This article first appeared in The Conversation, November 21, 2014.
Indonesia, having grappled with problems of religious intolerance and violence, seems to be making efforts to improve religious freedom.
Indonesia’s religious affairs minister, Lukman Syaifuddin, is drafting a “protection of religious communities bill” to be introduced next year. By regulating communities rather than beliefs, the bill is expected to provide assurance for a just and peaceful religious life.
Meanwhile, the home affairs minister, Tjahjo Kumolo, has announced that the government will allow citizens of faiths other than the six that are officially recognised to leave the religion column on their ID cards blank. He also warned regional leaders and their administrations not to discriminate against citizens of minority faiths.
These changes coincide with the presidency of Joko Widodo, who took office in October. Jokowi, as Indonesians refer to him, promised to tackle “intolerance and a national identity crisis” and to “strengthen diversity” in his presidential campaign.
Such commitments are important for the protection of religious minority groups, the main targets of intolerance. It is somewhat unusual, though. Protecting minority groups, which are often deemed deviant by orthodox religious groups, has long been considered an unpopular move.
Discrimination against religious minorities
There has been hardly any good news on religious freedom in the last decade, during Susilo Bambang Yudhoyono’s presidency. Religious minority groups such as Christians, Ahmadis and the Shiites have been intimidated and discriminated against. The government often stood back or was even implicated in those actions.
The United States Commission on International Religious Freedom (USCIRF) has categorised Indonesia on the Tier 2 list since 2009, for its serious “violations perpetrated or tolerated by the government”. Tier 2 is only one step away from being classified as a “country of particular concern”.
The Indonesian Constitution states that it protects religious freedom (article 29 ). However, some laws, policies and local regulations tend to restrict religious freedom. The 1965 Law on Blasphemy, the 2006 Law on Civil Administration and the joint ministerial decree on houses of worship and on the Ahmadis are just a few examples. Pew Research Centre categorised Indonesia as rating “very high” for government restrictions on religion.
Two main sources of those restrictions are the Religious Affairs Ministry and the Home Affairs Ministry. Both have failed to solve the problem faced by religious minority groups. Worse, they have become part of the problem.
Instead of helping Ahmadis and Shiite refugees, Yudhoyono’s religious affairs minister asked them to convert to Sunni Islam. His home affairs minister supported religious vigilantes, describing the hardline Islamic Defender Front as “an asset to the country”.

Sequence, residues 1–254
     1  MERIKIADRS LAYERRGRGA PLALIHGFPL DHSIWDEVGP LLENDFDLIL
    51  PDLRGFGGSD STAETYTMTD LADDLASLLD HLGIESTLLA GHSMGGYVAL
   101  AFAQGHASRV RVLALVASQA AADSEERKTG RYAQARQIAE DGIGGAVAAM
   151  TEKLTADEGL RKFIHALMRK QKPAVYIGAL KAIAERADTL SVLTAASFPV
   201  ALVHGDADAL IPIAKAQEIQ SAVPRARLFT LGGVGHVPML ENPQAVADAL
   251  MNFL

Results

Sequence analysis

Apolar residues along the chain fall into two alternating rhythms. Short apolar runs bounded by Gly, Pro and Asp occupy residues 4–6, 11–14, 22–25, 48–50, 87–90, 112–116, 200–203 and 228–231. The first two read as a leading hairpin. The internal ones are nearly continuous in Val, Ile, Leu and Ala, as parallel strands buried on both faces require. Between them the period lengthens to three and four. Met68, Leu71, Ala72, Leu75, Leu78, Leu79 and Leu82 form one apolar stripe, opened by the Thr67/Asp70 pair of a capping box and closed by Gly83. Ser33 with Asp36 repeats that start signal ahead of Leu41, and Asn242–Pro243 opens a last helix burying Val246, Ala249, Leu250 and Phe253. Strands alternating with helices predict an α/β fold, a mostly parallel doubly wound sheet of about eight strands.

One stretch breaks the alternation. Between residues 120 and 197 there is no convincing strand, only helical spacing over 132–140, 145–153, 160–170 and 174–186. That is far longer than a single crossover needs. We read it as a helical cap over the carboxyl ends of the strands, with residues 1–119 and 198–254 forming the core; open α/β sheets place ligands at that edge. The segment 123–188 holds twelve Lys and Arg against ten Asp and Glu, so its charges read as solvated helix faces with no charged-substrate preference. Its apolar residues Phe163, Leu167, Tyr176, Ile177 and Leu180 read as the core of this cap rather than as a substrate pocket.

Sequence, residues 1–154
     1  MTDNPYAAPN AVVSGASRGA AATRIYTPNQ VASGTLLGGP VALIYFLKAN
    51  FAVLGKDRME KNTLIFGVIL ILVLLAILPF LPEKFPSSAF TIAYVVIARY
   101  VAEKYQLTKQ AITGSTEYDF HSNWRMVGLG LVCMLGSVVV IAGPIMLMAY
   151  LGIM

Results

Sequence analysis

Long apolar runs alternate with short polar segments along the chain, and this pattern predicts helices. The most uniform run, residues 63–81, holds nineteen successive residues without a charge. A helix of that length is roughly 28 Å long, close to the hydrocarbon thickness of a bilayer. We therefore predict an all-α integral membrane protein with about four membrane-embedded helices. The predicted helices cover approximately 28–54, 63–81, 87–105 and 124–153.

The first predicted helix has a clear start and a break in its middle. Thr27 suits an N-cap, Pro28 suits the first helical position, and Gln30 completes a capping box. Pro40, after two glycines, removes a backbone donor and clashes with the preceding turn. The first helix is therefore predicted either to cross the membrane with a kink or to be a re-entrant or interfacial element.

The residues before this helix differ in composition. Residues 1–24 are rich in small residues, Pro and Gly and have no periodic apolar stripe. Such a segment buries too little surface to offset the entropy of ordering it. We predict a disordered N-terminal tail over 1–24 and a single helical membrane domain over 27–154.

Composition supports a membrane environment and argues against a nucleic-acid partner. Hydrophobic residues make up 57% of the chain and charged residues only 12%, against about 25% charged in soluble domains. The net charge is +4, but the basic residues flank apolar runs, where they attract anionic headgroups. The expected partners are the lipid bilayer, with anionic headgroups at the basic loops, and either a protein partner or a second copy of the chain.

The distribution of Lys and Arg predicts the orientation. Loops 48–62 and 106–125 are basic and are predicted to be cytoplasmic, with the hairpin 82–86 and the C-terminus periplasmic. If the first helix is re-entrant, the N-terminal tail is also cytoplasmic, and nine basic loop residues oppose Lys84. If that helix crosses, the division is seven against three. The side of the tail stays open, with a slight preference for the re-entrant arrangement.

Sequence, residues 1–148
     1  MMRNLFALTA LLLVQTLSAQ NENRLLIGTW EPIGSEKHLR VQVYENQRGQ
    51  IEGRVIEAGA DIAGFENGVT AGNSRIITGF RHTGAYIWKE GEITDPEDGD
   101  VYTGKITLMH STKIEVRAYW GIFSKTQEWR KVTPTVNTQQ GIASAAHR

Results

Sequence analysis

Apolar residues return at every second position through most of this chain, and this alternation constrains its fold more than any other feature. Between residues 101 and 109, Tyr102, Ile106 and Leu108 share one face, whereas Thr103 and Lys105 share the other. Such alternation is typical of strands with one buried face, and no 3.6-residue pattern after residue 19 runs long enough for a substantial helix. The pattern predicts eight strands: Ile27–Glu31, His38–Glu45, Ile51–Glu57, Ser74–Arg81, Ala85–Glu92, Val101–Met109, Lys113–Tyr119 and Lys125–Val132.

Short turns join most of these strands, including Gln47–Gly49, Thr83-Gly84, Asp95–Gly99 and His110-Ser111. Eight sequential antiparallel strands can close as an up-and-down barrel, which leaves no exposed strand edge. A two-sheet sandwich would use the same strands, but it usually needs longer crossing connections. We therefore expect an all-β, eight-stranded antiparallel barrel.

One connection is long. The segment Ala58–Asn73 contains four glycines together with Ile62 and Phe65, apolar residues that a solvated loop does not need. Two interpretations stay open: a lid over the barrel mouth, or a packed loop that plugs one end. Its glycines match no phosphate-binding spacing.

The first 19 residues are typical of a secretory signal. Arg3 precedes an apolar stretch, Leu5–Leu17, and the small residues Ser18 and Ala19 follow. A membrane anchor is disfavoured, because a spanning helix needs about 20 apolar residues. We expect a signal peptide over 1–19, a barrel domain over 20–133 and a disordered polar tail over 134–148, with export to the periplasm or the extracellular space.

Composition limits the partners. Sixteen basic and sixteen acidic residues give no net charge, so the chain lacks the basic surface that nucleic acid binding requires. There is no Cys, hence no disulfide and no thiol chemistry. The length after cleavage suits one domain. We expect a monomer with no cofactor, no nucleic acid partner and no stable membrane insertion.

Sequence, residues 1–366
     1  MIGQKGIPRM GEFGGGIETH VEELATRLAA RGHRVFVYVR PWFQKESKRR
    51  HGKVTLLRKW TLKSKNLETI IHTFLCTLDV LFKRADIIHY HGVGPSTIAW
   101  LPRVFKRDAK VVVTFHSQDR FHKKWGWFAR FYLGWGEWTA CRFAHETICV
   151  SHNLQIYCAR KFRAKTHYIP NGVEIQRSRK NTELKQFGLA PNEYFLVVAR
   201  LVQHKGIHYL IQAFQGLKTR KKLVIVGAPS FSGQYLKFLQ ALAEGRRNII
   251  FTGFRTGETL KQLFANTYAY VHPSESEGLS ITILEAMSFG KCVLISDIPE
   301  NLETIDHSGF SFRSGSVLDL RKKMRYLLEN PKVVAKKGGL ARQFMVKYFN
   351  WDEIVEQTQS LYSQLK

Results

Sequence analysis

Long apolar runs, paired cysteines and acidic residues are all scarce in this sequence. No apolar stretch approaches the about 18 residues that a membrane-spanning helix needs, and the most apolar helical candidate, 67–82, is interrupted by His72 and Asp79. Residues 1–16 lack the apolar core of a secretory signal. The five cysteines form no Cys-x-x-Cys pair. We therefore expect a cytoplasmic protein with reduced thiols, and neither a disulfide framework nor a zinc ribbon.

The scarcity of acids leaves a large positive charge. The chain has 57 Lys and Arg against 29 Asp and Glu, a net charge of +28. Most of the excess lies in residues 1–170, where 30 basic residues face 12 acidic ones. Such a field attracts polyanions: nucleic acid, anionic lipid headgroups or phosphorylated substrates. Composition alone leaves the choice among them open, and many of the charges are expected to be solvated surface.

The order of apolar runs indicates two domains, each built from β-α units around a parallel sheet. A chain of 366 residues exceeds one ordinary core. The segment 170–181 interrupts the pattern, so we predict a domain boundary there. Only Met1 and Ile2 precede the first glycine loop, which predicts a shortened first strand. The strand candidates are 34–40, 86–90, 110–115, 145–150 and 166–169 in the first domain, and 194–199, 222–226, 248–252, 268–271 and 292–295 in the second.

That is why, when the newly appointed ministers announced some legal and policy reforms to protect religious minorities, many welcomed this with enthusiasm.
Bucking the trend
These recent developments in Indonesia are encouraging. Compared to other countries in the region, Indonesia seems to be moving away from the trend of religious discrimination.
The Burmese government, under pressure from hardline Buddhist groups, is drafting four bills that regulate religious life. One of the bills will prohibit religious conversion and intermarriage, which is considered to discriminate further against Muslim and Christian minorities.
Malaysia has been known as a moderate nation. But in 2014, USCIRF placed Malaysia on Tier 2 following recent developments of concern. Malaysia has been prosecuting “deviant” groups and prohibited the use of Allah and other words by religious groups outside of Islam.
Law enforcement is key
Despite the above comparisons, Indonesians should not get ahead of themselves.
The new bill is still subject to several considerations. First, bear in mind that the state, by definition, has to protect all of its citizens, regardless of race, religion or sexual orientation. When protection is brought into the realm of religion, one should be wary of its abuse and diversion from the real issue.
For instance, the 2008 Pornography Law that was intended to “protect” women turned out to victimise women. Unless the government annuls all other discriminatory laws and regulations, the new bill would only add to the long lists of government restrictions, instead of protecting minorities.
Second, government practices in dealing with religious conflict also need to be considered. Our research on policing religious conflict in Indonesia found that while some police and local governments failed to prevent violence against minorities, others managed to tackle similar conflicts.
It is great to have good laws in place. But without enforcement, legal protections may do little to protect minorities.
Indonesia also grapples with problems of social hostility. Often, private individuals and social groups infringe on the religious beliefs and practices of others. Pew Research Centre has shown that countries with high levels of religious restriction tend to be associated with high levels of social hostility.
The government needs to ensure that the proposed bill will not cause polarisation within the public, which would only complicate matters and aggravate social hostility. At the same time, the government should not simply succumb to pressure from the majority.